(2015-08-12)As the political manoeuvring continues over Australia's emissions targets, the world's top climate scientists are urging all sides to respond to the science.
Four scientists from the United Nations Intergovernmental Panel on Climate Change are in Canberra to meet the Environment Minister and other politicians to discuss their latest report.
Our National environment reporter Jake Sturmer spoke to the panel's vice chairman Jean-Pascal van Ypersele.
JAKE STURMER: You've timed your visit very well; the Federal Government has just announced its emissions reduction commitments for 2030, that's a 26-28 per cent cut based on 2005 levels; what do you make of that?
JEAN-PASCAL VAN YPERSELE: Well it's a participation in a global effort to reduce emissions progressively to zero well before the end of the century. What the atmosphere understands is the language of total number, of global numbers, and what the IPCC report has shown is that, if we want to stay below a warming, a global warming of two degrees, we need to reduce global emissions to zero well before the end of the century.
Now what each country has to ask itself is whether its efforts are compatible with the pathway leading global emissions to zero before the end of the century.
JAKE STURMER: What does the science say will happen if emissions don't reach zero by the end of the century? Because that seems very unrealistic at this stage.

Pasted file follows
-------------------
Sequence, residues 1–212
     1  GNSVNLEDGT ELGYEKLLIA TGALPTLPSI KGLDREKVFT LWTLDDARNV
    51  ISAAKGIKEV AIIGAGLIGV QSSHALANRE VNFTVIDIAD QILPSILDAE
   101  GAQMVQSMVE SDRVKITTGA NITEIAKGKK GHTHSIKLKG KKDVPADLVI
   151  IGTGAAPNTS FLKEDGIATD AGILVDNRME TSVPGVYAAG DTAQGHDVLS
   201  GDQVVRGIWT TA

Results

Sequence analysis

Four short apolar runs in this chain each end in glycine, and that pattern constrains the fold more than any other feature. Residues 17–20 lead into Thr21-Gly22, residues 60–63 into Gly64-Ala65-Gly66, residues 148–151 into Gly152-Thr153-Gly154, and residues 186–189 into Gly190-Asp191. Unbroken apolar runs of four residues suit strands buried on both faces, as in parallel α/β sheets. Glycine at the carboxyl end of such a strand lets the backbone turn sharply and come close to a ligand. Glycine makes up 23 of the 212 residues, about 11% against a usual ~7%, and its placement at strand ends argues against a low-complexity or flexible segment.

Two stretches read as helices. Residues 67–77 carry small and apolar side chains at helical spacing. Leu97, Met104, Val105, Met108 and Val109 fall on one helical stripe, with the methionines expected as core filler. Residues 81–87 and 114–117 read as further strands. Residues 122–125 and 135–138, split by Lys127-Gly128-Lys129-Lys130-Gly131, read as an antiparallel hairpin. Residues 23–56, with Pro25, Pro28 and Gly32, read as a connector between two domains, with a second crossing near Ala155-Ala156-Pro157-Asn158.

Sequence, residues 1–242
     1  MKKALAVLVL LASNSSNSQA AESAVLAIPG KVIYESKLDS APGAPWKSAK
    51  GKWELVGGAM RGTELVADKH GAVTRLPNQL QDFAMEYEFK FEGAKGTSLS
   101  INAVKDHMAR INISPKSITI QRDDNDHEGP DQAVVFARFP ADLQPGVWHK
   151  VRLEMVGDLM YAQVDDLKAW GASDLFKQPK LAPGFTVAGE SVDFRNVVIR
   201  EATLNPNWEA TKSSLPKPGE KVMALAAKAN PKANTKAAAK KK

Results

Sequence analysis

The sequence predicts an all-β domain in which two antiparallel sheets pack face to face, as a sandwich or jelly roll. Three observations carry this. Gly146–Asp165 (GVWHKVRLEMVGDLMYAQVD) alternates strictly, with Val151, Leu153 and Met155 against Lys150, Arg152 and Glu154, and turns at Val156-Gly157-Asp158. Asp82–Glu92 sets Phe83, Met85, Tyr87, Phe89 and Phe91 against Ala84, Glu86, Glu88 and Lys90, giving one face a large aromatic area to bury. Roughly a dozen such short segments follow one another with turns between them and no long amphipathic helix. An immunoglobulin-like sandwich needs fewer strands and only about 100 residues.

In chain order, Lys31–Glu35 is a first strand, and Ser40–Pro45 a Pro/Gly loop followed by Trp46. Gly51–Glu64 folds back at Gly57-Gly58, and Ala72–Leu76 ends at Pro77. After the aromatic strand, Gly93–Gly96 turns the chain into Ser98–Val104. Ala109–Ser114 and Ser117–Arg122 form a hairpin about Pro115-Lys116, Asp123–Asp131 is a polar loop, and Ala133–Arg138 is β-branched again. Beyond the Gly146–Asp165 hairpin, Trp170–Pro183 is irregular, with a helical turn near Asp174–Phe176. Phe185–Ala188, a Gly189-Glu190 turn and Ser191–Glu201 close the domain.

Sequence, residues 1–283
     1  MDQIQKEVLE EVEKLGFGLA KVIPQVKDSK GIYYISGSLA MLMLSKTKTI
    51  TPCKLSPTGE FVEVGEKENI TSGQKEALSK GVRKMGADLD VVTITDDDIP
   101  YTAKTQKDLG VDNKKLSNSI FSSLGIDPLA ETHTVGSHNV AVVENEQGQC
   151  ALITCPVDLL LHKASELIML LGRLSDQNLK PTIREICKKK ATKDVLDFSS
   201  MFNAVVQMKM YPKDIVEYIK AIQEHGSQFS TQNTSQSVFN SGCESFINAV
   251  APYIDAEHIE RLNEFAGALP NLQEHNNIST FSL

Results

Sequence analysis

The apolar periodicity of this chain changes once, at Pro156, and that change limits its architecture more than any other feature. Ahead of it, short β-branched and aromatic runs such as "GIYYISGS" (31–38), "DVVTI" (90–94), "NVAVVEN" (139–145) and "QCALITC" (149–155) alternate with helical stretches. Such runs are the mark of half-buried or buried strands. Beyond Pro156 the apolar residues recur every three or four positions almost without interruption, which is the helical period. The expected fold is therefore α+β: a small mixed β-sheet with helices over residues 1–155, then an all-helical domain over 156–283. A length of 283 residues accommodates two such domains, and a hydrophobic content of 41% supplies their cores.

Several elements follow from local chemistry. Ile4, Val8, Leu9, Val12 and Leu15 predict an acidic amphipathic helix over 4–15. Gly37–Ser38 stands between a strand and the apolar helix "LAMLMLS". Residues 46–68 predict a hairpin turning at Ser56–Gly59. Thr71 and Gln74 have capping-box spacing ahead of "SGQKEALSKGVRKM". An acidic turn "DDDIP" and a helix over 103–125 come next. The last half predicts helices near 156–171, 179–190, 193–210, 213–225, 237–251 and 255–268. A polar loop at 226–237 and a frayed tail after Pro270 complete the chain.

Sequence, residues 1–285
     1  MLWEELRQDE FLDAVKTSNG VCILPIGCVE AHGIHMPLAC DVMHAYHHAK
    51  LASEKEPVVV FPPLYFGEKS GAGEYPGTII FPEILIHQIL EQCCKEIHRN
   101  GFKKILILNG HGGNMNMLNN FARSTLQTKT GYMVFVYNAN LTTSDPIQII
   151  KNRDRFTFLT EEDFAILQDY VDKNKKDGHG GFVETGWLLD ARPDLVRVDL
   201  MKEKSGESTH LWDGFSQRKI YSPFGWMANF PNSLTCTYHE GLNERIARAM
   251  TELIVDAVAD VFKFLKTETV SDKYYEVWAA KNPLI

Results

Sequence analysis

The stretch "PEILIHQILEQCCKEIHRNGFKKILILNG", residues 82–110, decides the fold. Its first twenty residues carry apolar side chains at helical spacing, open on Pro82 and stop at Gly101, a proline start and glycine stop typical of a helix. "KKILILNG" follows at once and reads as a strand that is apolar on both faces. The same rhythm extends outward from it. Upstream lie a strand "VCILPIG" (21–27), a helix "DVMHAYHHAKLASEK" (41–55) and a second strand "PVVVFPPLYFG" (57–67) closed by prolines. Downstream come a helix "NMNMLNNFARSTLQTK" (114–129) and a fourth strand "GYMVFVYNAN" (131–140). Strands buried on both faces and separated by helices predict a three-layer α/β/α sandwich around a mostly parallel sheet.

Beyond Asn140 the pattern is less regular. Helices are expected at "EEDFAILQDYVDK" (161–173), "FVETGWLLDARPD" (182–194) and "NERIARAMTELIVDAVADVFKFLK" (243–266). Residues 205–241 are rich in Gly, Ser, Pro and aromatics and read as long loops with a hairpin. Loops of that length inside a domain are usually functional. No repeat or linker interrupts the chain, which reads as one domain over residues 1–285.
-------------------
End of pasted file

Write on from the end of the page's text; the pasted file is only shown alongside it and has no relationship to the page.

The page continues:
JEAN-PASCAL VAN YPERSELE: Well I'd like to correct you on your last statement, if I may, because the IPCC assessment is that it is possible to reduce emissions to zero well before the end of the century by putting together, with sufficient political will, the existing options that are known today in the area of energy efficiency, for example.
Wasting energy costs actually a lot of money, in addition to causing a lot of useless greenhouse gas emissions. Using more renewable energy and all the options to produce energy with lower emissions than today can deliver many benefits.
So it is possible, by putting together all the existing technologies, the existing economic policies, changes in behaviour, etcetera, to achieve that zero emissions target; it is possible; it's a very important message of the last report.
JAKE STURMER: So can it be done without harming or reducing the coal industry?
JEAN-PASCAL VAN YPERSELE: Well, the coal industry is of course related to fossil fuels and it is now understood that fossil fuels, the usage of fossil fuels, if it is not associated with capture for the CO2 that's released, helps climate to warm, so ultimately humanity needs to stop using fossil fuels before the end of the century, and the coal industry will have to be part of that evolution towards a world which progressively gets to zero emissions.
But each country has to organise that in the best manner of course.
JAKE STURMER: Each nation's commitments are likely to be scrutinised in the lead up to the Paris climate summit; do you expect that there will need to be some negotiation and some movement on each of the nation's targets, say the US, Australia's, the EU's, do you expect those to need to shift?
JEAN-PASCAL VAN YPERSELE: Well that's what negotiations are for, isn't it? I mean certainly that's one aspect of the negotiations. If it's realised before Paris, or during the Paris conference, that the total contributions announced are not enough to stay under two degrees, which is the target decided by international policy makers five years ago already, more than five years ago, they'll have to do something about it.
It means something has to move.
ELEANOR HALL: That's IPCC scientist Jean-Pascal van Ypersele speaking to our environment reporter Jake Sturmer.http://www.abc.net.au/worldtoday/content/2015/s4291877.htm